Suspected al Qaeda operative Abu Anas al-Libi was captured by U.S. forces Sunday, not struck down by a drone, and he is expected to stand trial despite objections from Congress' more hawkish members.
Abdullah al-Raghie (L) and Abdul Moheman al-Raghie (C), the sons of al-Qaeda suspect Abu Anas al-Libi point at the house next to the scene where their father was kidnapped by U.S. special forces in a commando raid in Nofliene, not far from the Libyan capital of Tripoli on Oct. 6, 2013, sealing a 15-year manhunt for him. (Photo by STR/AFP/Getty Images)
The U.S. capture and detention of a top al Qaeda official this weekend in Libya will again test of the Obama administration’s “hybrid” approach to dealing with terrorism, which Republicans have criticized as insufficiently tough and human rights activists say violates’ suspects’ due process rights.
Nazih Abdul-Hamed Nabih al-Ruqai’I, also known as Abu Anas al-Libi, is suspected of playing a key role in the 1998 bombings of U.S. embassies in Kenya and Tanzania which killed more than 200 people. He was captured by U.S. forces in Libya on Sunday and is being held on a Navy vessel somewhere in the Mediterranean, U.S. officials told NBC News.
While thousands have been killed in U.S. strikes targeting suspected terrorists abroad since President Obama took office, Al-Ruqai’l would one of the few to see the inside of a courtroom. Officials said that following interrogation by an elite team of military, FBI and CIA experts, he will be brought to stand trial—though the administration would not confirm whether that would be in federal court or military commission. “Both [civilian and military commissions] systems are potentially viable options that must be evaluated based on the facts of each individual case,” said Caitlin Hayden, a spokesperson for the National Security Council.
Despite the perception that the administration has come to rely on lethal force from deadly flying robots, Al-Ruqai’l's capture is consistent with past administration policy, says Robert Chesney, a law professor at the University of Texas and former member of the Obama administration’s detention policy task force.
“People say that’s not really their policy. It’s to kill people with drones, well ‘no,’” Chesney said. Obama’s policy has been that “if the stars align such that you can plausibly pull off a capture and it seems sufficiently worth the risk, then you’ll try do it.”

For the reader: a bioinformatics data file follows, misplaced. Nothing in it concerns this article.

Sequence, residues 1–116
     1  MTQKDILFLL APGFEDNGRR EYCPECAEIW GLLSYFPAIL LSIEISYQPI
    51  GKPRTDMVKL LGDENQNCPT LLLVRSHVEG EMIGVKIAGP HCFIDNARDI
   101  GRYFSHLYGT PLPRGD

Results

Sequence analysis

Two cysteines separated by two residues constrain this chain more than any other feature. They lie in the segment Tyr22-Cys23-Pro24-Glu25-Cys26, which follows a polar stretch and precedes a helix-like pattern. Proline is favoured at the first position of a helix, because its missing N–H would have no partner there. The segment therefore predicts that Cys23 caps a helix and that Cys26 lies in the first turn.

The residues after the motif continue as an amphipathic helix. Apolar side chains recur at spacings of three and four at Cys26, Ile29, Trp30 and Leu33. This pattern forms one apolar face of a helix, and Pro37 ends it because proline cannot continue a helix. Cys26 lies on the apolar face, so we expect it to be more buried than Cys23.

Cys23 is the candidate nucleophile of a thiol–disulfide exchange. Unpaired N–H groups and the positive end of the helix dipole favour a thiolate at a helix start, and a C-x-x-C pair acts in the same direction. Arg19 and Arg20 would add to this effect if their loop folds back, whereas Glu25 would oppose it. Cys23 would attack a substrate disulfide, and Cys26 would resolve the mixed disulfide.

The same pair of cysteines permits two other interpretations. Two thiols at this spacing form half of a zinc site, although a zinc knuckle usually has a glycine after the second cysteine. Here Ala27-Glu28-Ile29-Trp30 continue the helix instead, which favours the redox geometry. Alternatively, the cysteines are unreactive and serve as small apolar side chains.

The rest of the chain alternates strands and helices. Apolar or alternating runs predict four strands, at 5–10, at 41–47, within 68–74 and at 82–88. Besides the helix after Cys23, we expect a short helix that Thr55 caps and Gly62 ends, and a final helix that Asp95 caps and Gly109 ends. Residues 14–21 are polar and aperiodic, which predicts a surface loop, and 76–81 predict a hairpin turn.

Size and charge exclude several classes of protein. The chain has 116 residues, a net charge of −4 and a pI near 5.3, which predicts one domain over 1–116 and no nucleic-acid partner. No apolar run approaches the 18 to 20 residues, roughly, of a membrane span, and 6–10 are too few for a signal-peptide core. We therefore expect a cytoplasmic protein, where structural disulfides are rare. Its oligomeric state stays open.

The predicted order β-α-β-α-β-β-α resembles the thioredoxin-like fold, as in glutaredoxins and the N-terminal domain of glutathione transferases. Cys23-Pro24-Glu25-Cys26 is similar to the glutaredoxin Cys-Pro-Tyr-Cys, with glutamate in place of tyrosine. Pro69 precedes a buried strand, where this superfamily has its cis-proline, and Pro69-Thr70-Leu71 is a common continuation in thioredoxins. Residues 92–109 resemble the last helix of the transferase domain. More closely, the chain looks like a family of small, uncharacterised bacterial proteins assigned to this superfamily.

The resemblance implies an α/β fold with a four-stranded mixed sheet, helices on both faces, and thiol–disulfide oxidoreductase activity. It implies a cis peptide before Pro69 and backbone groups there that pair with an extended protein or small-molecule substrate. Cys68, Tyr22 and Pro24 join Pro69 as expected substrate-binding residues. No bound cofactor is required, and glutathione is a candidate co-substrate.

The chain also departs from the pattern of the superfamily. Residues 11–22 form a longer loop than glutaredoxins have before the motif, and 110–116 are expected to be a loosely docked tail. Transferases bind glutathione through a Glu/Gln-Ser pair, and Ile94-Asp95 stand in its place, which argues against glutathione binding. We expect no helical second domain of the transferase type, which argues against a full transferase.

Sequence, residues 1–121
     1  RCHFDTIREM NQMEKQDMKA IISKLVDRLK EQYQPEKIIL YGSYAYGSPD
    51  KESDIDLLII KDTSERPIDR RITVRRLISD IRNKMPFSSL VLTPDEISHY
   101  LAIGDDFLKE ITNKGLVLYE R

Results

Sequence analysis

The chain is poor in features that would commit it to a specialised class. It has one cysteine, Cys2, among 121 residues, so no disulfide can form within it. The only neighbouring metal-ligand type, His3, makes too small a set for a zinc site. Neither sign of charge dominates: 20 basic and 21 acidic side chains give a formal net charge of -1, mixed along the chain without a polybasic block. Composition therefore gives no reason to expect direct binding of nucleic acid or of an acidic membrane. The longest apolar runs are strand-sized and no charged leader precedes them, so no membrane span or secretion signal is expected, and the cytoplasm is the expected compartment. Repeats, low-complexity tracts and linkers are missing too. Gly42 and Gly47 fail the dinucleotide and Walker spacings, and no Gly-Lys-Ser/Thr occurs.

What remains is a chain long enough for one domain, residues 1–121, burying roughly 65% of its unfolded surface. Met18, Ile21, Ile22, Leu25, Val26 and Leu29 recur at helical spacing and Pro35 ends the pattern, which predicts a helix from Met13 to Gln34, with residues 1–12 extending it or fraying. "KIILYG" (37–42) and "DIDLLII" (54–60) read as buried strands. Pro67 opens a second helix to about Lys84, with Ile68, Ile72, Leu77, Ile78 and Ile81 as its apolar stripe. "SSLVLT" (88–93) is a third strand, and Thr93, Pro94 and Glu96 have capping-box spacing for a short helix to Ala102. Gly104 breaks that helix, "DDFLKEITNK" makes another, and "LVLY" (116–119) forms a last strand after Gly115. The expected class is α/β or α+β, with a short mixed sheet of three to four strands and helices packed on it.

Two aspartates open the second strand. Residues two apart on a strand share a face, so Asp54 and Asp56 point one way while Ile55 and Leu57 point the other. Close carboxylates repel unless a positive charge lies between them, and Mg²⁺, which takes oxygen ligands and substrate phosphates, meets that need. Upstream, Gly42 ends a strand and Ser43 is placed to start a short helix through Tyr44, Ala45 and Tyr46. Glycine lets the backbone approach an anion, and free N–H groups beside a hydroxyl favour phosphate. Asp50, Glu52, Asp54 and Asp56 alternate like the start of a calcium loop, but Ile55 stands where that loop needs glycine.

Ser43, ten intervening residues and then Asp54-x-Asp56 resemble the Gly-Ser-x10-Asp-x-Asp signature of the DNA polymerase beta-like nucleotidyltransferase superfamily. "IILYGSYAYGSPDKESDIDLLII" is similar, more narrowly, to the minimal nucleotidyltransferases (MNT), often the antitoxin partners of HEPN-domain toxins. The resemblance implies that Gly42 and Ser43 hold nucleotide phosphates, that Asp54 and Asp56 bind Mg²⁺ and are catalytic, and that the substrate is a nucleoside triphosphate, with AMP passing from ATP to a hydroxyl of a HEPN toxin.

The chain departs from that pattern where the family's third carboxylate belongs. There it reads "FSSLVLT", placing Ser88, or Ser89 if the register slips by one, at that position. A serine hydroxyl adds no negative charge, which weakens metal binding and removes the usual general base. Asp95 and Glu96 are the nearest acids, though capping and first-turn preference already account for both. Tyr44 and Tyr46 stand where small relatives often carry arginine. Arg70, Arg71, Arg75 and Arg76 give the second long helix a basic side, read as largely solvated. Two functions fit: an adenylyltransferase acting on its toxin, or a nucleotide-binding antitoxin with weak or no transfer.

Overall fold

Nevertheless, only one other terrorist has been captured abroad and brought to trial in the United States. That was Ahmed Abdulkadir Warsame, a former member of the Somali al Qaeda affiliated group al Shabaab. In 2011, Warsame was held and interrogated on an aircraft carrier for two months before being brought to the United States for trial in federal court. He pleaded guilty as part of a plea agreement with prosecutors. The administration argues that it is legal for the U.S. to place terror suspects in military detention prior to prosecution because the U.S. is at war with al Qaeda and its affiliates.
While this approach seems almost designed to mollify critics, it does not.
Republicans generally want all foreign terrorists sent to the Guantanamo Bay military prison and tried by military commission, based on an unfounded belief that civilian interrogators are inferior to military ones. Most will oppose Al-Ruqai’l transportation to the U.S., as well as a federal trial if the administration seeks one. Sen. Lindsey Graham, who serves on the Armed Services Committee, promptly tweeted his desire that the suspect head straight to Gitmo.
I believe the most responsible course of action would be to hold al-Libi as an enemy combatant at Gitmo for intelligence gathering purposes.— Lindsey Graham (@GrahamBlog) October 7, 2013
Graham, however, is one of the few Republicans who would support a trial in federal court. Senate Minority Leader Mitch McConnell of Kentucky on the other hand, argued that the acquittal of Casey Anthony in 2011 proved that non-military courts would not be able to deliver reliable verdicts. “We just found…how difficult it is to get a conviction in a U.S. court,” McConnell said. “I don’t think a foreigner is entitled to all the protection in the Bill of Rights. They should not be in U.S. courts.”
Even if al-Ruqai’l is tried in federal court, human rights and civil liberties activists see this approach as a kind of legal Calvinball, where the administration selectively follows whatever rules meet its objectives. By holding a suspect in military detention first, the administration can pressure a suspect without a lawyer present, then go through the motions of a criminal trial in which the suspect cannot hope to prevail. The ACLU accused the Obama administration in 2011 of having “put a criminal conviction at risk by holding Warsame in unlawful military detention for over two months.”
Yet, because Warsame pleaded guilty, it’s unknown what would happen if someone held in military detention abroad in this manner and then brought to trial in the U.S. actually tried to fight the charges. The trial of Ahmed Ghailani, another suspect in the 1998 embassy bombings and a former Gitmo detainee, was viewed as setting back the administration’s efforts to close Gitmo because he was acquitted of most of the charges after a judge threw out evidence he said was obtained through torture at a CIA black site. Ghailani was still sentenced to life imprisonment.
“There’s no guarantee that people will plead guilty in these settings. You could end up with a really serious battle on the hands of prosecutors,” said Chesney. Pointing to what happened with Ghailani, Chesney says, “could you have that situation or worse? Sure, we’ll find out. They also may have this guy dead to rights.”